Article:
The U.S. EIA released projections in its Short-term Energy and Winter Fuels Outlook today. The report says to expect higher average fuel bills this winter in states east of the rocky mountains driven by near-normal winter temperatures in that region. The winter heating season forecast is about 2% warmer than 30-year averages, but 18% cooler than last winter. Look for year-over price increases in heating oil (+2%) and natural gas (+1%). Propane and electricity rates are expected to dip 4% and 2% respectively.
The report expects Brent crude to soften into 2013 and for the WTI margin to shrink back closer to the nine dollar mark. On that basis, EIA expects gasoline prices in 2013 to soften as well, projecting an average national gasoline price around $3.44/gallon. That figure would put 2013 national averages below 2012 and 2011 national average prices.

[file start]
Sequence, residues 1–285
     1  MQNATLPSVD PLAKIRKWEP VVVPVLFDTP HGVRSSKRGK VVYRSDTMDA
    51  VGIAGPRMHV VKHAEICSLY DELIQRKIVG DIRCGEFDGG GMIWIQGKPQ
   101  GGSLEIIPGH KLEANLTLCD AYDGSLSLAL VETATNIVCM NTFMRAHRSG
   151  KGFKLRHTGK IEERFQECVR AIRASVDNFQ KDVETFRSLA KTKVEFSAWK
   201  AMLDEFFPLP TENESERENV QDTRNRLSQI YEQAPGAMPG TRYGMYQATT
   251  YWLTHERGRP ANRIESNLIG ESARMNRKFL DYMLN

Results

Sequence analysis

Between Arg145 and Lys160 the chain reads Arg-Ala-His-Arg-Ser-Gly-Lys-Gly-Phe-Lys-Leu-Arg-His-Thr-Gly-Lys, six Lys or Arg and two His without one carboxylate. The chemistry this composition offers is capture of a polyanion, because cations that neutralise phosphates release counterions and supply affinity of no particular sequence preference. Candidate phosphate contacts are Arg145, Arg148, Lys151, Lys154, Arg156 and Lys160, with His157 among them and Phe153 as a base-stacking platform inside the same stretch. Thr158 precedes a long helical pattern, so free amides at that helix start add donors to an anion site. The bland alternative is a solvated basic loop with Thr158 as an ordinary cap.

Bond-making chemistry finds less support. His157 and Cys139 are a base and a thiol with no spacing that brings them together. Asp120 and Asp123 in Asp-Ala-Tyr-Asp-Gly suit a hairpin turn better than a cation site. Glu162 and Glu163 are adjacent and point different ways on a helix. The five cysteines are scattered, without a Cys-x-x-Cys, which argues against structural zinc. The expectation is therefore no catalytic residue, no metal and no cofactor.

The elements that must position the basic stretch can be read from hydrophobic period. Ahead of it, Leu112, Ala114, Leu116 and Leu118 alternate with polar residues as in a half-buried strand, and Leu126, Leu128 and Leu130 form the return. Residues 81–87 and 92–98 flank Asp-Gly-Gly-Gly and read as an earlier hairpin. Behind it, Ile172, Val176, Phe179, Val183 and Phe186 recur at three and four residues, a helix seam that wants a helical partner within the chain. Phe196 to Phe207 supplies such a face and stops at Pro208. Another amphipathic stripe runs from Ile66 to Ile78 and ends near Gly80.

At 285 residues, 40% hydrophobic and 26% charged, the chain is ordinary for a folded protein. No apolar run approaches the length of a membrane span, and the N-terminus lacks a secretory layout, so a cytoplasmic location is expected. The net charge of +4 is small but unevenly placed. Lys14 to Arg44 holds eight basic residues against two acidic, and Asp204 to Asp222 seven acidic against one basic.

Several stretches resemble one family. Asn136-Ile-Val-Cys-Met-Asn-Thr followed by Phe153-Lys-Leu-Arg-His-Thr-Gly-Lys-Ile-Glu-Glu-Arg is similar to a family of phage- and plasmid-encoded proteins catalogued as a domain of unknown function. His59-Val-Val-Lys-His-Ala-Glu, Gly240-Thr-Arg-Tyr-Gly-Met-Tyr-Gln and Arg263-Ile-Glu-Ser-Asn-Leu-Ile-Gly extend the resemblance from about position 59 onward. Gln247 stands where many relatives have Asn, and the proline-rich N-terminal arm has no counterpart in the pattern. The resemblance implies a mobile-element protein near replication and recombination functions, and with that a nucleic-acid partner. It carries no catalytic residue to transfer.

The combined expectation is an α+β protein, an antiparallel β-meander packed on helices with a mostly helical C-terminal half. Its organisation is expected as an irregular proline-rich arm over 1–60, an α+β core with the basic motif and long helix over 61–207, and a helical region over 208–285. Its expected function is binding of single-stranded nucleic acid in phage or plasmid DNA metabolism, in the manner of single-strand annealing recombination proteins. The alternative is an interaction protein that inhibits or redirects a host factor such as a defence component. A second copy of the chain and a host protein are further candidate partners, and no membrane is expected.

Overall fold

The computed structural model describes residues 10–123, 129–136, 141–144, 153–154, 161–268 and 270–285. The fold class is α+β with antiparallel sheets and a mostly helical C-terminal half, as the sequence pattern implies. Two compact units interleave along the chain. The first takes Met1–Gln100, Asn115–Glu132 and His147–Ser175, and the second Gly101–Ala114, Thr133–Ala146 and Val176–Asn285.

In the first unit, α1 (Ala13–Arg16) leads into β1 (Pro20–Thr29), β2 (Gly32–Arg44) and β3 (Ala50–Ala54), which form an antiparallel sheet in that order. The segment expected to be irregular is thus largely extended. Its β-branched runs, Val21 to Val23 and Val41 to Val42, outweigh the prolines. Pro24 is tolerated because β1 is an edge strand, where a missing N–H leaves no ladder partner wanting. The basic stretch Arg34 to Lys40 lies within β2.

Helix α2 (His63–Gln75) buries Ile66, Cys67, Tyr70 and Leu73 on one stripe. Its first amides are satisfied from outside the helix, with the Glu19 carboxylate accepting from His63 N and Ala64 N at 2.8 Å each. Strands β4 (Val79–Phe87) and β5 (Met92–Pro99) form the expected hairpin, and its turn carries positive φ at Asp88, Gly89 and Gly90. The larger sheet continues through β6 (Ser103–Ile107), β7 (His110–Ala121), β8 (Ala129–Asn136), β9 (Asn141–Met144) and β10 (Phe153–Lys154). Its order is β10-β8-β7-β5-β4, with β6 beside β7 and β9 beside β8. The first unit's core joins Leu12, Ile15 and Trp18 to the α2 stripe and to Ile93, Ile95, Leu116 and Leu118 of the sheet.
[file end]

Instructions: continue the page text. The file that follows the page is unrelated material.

Natural gas is the heating fuel of choice, warming 115 million homes in the U.S. and prices are expected to fall in closely with last winter's price, but EIA warns that natural gas prices remain uncertain. High domestic inventories bode well for moderating price action.
Heating oil is projected to register a 2% uptick year-over but prices are equally as uncertain as natural gas. Crude is expected to soften, but World events could rain on that parade, pushing heating oil prices higher on the back of volatile crude.
Propane expenditures should also be on the rise throughout the winter depending on cooler temperatures year-over to strengthen demand. Currently U.S. propane stocks are robust enough to keep prices in check for the short-term and should show an overall 4% decrease on the year.